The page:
I like the idea of active investing through motifs because it’s an efficient and affordable way to build a portfolio. Also, Motif Investing doubles as a discount brokerage by allowing you to trade individual stocks.
To encourage millennials and newbies to invest, a couple of promising apps have entered the marketplace. Stash lets you choose from a curated set of investments that are shown to you based on your investor profile. They offer a select group of investments based on factors like low fees, managed risk, and historical performance. Investment selections are mostly exchange-traded funds and some attractive stocks. You can start with as little as $5, and they provide personalized guidance and recommendations, so you are not in it alone. They charge $1 per month for accounts under $5,000 and 0.25% for above.
Acorns bills itself as a “micro investing” platform that invests your spare change. For instance, when you buy a cup of coffee for $3.53, Acorns will round up your payment to $4 and invest the difference of $0.47. Unlike Stash, Acorns sticks to five asset allocation models consisting of ETFs, for example, conservative through aggressive based on your investor profile. Their simplified investing approach is excellent for passive investors and investors who do want to be highly engaged in choosing investments. They charge the same fees as Stash of $1 per month for accounts under $5,000 and 0.25% for above.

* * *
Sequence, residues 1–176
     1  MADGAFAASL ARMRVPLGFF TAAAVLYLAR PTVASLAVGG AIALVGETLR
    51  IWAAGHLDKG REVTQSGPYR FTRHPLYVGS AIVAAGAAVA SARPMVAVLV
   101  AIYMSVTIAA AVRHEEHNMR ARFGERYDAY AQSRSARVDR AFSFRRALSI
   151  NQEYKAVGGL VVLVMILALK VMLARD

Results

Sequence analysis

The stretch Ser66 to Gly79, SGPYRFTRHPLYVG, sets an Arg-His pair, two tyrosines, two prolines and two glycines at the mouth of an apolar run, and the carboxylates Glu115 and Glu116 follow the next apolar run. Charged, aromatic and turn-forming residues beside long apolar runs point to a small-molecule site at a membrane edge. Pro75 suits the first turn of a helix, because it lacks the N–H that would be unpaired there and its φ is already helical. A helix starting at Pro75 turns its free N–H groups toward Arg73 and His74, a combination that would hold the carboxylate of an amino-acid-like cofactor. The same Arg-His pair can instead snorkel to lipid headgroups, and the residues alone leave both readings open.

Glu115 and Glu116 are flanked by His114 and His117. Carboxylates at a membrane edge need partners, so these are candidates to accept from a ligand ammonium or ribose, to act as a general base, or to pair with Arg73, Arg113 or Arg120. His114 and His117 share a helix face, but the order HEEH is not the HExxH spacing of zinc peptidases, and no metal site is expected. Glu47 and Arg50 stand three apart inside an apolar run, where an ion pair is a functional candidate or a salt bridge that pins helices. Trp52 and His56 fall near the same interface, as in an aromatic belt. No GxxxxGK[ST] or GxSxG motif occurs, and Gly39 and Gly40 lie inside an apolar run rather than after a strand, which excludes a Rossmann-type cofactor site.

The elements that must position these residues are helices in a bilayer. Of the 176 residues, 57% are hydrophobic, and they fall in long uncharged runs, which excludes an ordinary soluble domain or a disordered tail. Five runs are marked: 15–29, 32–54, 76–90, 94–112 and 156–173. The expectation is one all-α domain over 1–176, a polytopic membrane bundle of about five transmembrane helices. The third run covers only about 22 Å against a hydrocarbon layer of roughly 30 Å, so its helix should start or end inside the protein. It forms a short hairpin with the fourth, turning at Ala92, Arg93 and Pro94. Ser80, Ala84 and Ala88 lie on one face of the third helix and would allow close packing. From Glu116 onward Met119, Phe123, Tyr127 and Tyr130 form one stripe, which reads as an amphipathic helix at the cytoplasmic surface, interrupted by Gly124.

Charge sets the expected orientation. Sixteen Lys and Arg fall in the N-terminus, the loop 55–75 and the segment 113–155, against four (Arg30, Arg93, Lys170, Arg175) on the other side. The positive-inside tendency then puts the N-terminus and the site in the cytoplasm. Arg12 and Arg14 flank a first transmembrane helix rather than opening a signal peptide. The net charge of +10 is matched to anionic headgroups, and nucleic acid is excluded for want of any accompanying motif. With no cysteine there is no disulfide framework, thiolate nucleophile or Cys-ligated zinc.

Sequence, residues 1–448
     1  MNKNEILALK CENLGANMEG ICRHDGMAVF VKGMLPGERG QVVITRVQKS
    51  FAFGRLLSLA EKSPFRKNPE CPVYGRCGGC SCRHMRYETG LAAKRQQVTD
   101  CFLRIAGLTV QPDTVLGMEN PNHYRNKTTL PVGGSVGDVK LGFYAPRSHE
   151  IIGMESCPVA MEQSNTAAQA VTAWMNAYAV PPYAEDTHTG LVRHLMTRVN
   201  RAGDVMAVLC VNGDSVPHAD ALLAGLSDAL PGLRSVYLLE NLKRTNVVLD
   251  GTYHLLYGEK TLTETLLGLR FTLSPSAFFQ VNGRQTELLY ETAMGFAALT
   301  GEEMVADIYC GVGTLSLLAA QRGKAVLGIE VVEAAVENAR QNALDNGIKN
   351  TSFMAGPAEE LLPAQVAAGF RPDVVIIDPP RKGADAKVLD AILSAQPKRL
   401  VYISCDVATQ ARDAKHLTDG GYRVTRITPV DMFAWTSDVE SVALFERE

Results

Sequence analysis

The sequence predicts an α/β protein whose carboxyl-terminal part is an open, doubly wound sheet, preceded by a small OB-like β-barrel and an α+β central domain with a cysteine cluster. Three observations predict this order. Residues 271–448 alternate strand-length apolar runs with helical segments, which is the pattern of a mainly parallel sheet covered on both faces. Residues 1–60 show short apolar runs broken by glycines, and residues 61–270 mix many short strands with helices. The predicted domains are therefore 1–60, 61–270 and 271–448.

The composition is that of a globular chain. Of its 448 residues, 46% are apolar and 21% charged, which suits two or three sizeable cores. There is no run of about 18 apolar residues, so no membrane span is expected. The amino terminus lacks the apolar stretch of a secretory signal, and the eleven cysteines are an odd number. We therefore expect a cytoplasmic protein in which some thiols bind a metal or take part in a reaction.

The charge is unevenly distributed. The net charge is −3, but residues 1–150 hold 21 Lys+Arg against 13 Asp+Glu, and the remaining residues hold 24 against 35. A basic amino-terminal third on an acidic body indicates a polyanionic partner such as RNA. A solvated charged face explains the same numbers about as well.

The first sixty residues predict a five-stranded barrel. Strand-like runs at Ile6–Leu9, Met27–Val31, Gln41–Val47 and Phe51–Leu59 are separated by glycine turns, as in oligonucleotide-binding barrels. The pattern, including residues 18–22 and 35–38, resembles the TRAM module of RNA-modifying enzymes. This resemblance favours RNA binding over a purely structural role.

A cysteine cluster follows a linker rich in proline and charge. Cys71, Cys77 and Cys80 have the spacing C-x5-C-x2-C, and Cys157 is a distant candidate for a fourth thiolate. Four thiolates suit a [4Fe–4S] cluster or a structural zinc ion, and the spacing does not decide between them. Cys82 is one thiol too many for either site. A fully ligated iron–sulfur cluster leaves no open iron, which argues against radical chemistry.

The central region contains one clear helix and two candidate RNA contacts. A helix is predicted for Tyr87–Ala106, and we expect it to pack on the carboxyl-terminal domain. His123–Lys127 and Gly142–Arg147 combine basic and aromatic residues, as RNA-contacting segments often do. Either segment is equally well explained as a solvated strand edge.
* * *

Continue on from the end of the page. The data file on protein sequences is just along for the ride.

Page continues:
With all the talk of FinTechs, discount brokerages still prove to be very useful for do-it-yourself (DIY) investors like me. I enjoy investing for the long-term and selecting ETFs based on my research. Also, I like trading stocks and options which I can’t do through robo-advisors.
|Account management fee||No||Yes|
TD Ameritrade (USA), TD Direct Investing (UK), and Questrade (Canada) are all platforms I recommend. Again, Motif Investing is a traditional brokerage as well, so they’re another option. Robinhood is a free stock trading app available to US, Australian, and Chinese citizens. Their app doesn’t come with many bells and whistles and investing activities are limited to their app, but free commission platforms are always worth exploring.